Lentils – the tiny beans associated particularly with the area around Le Puy en Velay in southern Auvergne – are a staple in dozens of recipes.  Like a fine wine, the lentils du Puy have been granted their own designation of appellation d’origine controlee, and while the worst restaurant examples are gray, mushy and over-salted, there are many ways to use them that elevate them to the level of fine French cuisine.

Here are a couple of recipes for lentils du Puy – one for a version with carrots, celery and onions, livened up with a little Cognac, and another for a dish with roasted carrots and beets.   

Do you have a favorite “comfort food” you associate with life in France?  Please tell us what you like – or even share a great recipe if you have one – in the comments space below.  And while you’re here, please take a second to share this post with others by clicking on your preferred social-media button(s).  As always, thanks for reading!

Comfort food Auvergne recipe
Le Puy en Velay
Lou Messugo
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featuring travel writing about France

13 thoughts on “Comfort Food – Recipes from the Deep Heart of France

  1. Many years ago, maybe 10, we stayed overnight in La Chaisse Dieu, and were served with La Trufflade, just stunning! We felt we may not have been able to move the next morning… true heart of France. We were given the recipe with an almost reverence… real comfort food!

    1. Thank you for sharing this memory, Jane. La Chaise Dieu is one of my favorite little villages, too, and a great place to sample some of the best Auvergnate cooking. Thanks for writing!

  2. Thanks Richard, I’m glad that I read this after I had eaten my breakfast of porridge with a tablespoon of yoghurt double cream and fresh raspberries on top! One of my favourite comfort foods

    1. Thanks for your comment, Pete! Your comfort food sounds good to me, too. (I’ll confess that some of my own comfort foods are from the breakfast menu, too; getting used to the “light” French breakfasts was not easy at first, although I quickly came to love the classic baguette with butter and jam.)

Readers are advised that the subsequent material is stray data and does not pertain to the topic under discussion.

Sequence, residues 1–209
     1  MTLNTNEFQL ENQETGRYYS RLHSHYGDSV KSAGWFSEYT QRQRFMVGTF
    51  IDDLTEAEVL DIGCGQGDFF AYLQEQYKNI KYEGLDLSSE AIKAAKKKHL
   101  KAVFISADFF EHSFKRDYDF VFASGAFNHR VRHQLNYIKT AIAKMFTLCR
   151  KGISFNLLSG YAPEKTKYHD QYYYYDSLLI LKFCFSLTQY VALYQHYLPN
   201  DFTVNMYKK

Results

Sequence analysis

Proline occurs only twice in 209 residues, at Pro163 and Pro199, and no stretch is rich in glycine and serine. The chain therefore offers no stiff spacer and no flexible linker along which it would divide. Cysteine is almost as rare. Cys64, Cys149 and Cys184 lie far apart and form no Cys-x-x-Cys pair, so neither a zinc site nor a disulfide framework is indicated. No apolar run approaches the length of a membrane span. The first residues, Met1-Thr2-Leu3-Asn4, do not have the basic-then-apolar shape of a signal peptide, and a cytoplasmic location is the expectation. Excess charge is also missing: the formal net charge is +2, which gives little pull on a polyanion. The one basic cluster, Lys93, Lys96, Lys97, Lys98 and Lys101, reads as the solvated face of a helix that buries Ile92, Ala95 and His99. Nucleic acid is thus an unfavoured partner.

3. Richard, I continue to love your articles on the Auvergne and other regions of France. As to comfort food, couldn’t agree with you more on your list. I suppose the only thing I would add is a hearty quiche. There used to be a place opposite the cathedral in Clermont-Ferrand called “Temps du Thé” (now L’Instat-T”) that had some really good ones.

    1. Hi, Michael. It’s great to hear from you! I remember the place in Clermont-Ferrand, too — we liked the quiche as well. Thanks for writing!

    1. Hi, June. Thanks very much for your comment. We last had cassoulet on a cold February night in Sarlat-le-Caneda — and we couldn’t agree more that it’s the perfect way to stave off the chill. (Great with one of the peppery red wines from the area around Brive, too!)

  4. I love all those cheese and potato dishes, especially tartiflette. My son will be back from university after his first term away soon and he has requested raclette (more cheese and potatoes), clearly something he is missing! When I think of comfort food I think of chicken & leek pie or shepherds pie. Thanks for linking this hearty post to #AllAboutFrance, it’s nearly lunchtime and you’ve made me crave some warming potato and cheese…if only aligot was available around here!

    1. Thanks, Phoebe — it sounds like the post had its desired effect! I completely forgot to mention raclette – it should be on the list, too, although it’s not purely “Auvergnat”. Thanks for the re-tweet, too, and as always thank you for hosting the forum at #AllAboutFrance.

  5. I think comfort food has to have associations back to childhood. And my childhood associations with France include tomato salad, and steak and chips, but most of my comfort food is British, because it reminds me of my mum! #AllAboutFrance

    1. Thanks, Emily. I think you’re absolutely right – real comfort food goes back most often to what we knew as children!